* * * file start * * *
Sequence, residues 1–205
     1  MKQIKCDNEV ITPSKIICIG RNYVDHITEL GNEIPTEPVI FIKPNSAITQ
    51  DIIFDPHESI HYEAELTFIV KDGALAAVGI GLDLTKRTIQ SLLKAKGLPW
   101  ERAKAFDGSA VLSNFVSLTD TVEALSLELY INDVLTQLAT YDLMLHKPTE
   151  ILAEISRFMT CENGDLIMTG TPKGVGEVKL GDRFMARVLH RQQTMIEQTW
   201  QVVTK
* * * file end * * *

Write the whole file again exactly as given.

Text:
Sequence, residues 1–205
     1  MKQIKCDNEV ITPSKIICIG RNYVDHITEL GNEIPTEPVI FIKPNSAITQ
    51  DIIFDPHESI HYEAELTFIV KDGALAAVGI GLDLTKRTIQ SLLKAKGLPW
   101  ERAKAFDGSA VLSNFVSLTD TVEALSLELY INDVLTQLAT YDLMLHKPTE
   151  ILAEISRFMT CENGDLIMTG TPKGVGEVKL GDRFMARVLH RQQTMIEQTW
   201  QVVTK